Is your organization set up to capture your true potential in China?

One country, one political system, one market, uniform tariffs and transportation system. Addressing the market with a unified product or services portfolio, value proposition, marketing messaging and single sales approach should be a no-brainer – and it reduces internal complexity.

22 provinces, 4 municipalities, 5 autonomous regions, 2 Special Administrative Regions, 660 cities, of which 10 with populations of more than 4 million, 8 primary dialects – equally communalities and vast differences in requirements, needs and purchasing behaviors, concentrated/over-crowded markets in the coastal line, vast distances and incomplete transportation infrastructure between economic centers in Central/West China. Urbanization, burgeoning middle-class and the highest number of ultra-rich in the world. Modern financial instruments and transactions in economic hubs, still highly cash-based economies in less developed areas.

Is your organization set up to capture your true potential in China, or are you missing out by approaching the market merely as a singular form?

Are you under-invested in potential markets, or actually over-invested in some areas, whereas missing potential in others?

Many companies – no matter whether they are large multinationals with close to 30 years history of doing business in China, medium-sized companies or small firms – have still not adopted an effective China market approach – offering too generic, unfitting products & services, organizing their sales according to overseas company standards rather than according to China’s reality, under-serving potential markets or cannibalizing internally, or utilizing standardized value propositions and marketing messaging – missing to make the mark with local buyers and decision-makers.

Few companies however have realized that the true potential of selling successfully in China lies in the adoption of products and services catering to real local requirements, flavors and designs, in the development of a product mix that Chinese customers really need – not what company’s headquarters wants to sell – and by effectively organizing their sales force according to the differences between regions, markets and personalities in the country.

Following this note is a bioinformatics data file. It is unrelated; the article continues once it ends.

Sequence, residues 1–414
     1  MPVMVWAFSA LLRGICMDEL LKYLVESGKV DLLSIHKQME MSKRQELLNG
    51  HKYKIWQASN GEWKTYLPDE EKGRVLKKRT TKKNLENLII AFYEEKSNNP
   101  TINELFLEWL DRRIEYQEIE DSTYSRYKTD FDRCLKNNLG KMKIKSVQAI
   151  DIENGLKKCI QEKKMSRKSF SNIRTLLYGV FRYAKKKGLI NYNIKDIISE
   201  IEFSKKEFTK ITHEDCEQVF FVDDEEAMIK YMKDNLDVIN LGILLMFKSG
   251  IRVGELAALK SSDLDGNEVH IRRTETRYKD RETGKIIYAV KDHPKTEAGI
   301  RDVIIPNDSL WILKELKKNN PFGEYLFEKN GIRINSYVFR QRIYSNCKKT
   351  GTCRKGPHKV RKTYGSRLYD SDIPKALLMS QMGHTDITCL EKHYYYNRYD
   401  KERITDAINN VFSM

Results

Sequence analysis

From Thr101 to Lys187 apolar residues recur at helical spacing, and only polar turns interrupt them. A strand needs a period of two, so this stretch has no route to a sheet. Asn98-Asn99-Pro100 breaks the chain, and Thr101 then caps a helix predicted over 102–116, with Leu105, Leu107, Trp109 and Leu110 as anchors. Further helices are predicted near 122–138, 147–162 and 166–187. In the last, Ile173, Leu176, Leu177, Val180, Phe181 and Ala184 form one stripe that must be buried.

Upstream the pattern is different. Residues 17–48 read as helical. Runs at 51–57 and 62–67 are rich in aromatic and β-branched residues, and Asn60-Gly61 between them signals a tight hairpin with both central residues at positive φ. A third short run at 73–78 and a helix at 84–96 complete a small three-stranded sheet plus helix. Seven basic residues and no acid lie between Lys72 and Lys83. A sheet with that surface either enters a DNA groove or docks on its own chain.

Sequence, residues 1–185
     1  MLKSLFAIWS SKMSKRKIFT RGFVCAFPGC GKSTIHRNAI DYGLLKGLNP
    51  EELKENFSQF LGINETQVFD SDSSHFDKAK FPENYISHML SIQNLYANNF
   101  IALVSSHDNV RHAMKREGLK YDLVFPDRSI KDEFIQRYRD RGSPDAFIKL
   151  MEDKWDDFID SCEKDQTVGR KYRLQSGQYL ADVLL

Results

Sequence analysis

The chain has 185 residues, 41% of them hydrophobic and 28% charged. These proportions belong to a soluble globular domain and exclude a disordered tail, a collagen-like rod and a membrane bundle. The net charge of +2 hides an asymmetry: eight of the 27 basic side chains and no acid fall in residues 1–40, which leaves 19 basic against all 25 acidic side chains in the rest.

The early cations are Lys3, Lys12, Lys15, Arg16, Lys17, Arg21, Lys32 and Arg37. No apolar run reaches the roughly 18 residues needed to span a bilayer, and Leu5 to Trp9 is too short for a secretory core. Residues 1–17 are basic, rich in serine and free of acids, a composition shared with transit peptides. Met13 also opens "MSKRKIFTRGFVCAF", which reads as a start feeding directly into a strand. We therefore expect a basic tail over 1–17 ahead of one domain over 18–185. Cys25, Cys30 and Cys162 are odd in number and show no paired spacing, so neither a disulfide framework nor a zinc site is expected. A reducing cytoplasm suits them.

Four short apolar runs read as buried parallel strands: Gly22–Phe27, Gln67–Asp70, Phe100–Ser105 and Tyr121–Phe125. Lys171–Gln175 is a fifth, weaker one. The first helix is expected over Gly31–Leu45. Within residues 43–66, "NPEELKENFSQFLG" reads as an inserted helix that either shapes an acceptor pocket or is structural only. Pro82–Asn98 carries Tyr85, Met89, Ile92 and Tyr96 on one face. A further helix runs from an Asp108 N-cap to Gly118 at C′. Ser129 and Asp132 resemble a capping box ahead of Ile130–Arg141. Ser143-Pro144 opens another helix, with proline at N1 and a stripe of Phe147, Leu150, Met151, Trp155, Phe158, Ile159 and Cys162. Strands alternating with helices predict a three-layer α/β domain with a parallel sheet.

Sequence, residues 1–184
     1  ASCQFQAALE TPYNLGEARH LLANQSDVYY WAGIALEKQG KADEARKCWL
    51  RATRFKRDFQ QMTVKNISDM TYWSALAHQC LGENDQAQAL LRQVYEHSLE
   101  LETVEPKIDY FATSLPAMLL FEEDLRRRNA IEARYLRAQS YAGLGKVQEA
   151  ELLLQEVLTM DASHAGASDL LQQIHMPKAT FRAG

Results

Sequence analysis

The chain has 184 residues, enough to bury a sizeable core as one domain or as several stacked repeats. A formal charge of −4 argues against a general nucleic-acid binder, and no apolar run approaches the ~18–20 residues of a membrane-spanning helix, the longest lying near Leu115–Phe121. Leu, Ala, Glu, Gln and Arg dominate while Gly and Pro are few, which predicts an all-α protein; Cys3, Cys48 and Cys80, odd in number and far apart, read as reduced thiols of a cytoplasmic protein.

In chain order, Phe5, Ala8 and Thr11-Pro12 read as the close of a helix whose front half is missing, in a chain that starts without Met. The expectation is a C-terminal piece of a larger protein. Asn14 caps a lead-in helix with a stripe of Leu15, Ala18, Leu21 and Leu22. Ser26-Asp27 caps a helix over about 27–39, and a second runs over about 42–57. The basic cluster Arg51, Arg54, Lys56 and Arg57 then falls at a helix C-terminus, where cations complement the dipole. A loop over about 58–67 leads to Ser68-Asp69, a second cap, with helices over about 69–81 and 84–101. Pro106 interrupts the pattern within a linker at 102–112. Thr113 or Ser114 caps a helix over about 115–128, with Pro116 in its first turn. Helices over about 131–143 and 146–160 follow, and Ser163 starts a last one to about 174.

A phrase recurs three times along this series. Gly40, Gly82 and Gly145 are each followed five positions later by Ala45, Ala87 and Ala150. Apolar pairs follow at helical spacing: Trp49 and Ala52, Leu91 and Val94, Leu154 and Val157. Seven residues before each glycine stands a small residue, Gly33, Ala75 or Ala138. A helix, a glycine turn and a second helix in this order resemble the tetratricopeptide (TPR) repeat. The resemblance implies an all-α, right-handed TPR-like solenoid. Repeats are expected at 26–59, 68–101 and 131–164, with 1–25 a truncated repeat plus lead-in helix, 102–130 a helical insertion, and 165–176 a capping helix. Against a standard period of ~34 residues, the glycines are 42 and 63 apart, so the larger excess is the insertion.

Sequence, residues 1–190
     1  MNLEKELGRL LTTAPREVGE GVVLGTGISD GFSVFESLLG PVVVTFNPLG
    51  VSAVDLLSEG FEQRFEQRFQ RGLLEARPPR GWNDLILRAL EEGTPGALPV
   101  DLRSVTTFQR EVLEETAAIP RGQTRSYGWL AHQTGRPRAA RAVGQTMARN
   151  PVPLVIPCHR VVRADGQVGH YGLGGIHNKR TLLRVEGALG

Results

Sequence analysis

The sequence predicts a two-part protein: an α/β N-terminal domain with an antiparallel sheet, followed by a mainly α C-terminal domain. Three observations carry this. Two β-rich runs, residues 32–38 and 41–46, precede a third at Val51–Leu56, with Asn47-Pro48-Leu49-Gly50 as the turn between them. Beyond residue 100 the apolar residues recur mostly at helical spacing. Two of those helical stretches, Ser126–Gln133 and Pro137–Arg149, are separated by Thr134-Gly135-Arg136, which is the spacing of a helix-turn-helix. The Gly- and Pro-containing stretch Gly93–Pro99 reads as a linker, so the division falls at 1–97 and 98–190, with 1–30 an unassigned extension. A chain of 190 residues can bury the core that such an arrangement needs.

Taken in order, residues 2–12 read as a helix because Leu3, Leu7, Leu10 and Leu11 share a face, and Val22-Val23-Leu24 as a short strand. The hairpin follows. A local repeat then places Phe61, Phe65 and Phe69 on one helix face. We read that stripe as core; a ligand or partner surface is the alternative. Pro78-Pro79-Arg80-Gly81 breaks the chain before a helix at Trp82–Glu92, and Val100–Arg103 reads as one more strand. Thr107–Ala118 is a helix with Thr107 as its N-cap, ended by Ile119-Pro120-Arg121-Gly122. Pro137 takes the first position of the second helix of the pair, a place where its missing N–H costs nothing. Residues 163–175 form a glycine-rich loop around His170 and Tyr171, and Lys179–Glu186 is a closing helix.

Beginning the journey to customize product/services portfolio, value proposition and marketing & sales approach to China thereby is neither overly costly nor overly time-intensive, taking a targeted, structured approach:

  • Structure China according to prevalent regions that make sense according to your product & services portfolio – e.g. geographically, economically or according to industry concentrations,
  • Weigh these regions according to their potential customer concentration, products & services requirements, propensity to purchase your products or services, purchasing power, competitive landscape,
  • Overlay weighting of logistical reach and cost, eliminate markets that cannot be feasibly served
  • Identify focus markets and your optimal products & services offering for these markets,
  • Develop value propositions and marketing messaging according to the individual focus markets and your customized products & services offering in these markets,
  • Restructure and build up your sales force according to the individual focus markets, their potential customer concentration, propensity to buy and purchasing power,
  • Plan and implement marketing & sales channels accordingly.

Truly capturing the full potential of the Chinese market will require you, your organization and – not the least – your overseas Headquarters to think out of the box, but the success of some companies that have already begun to lead the way – such as Volkswagen, Unilever, Procter & Gamble, and others – in customizing their product & services offerings as well as marketing & sales approaches based on the regional differences in China may be motivation enough to begin the journey at your organization, as well.

Michael Adick

Managing Director, Articulate Ltd.

By | 2017-01-17T14:56:30+00:00 March 10th, 2014|Articles|0 Comments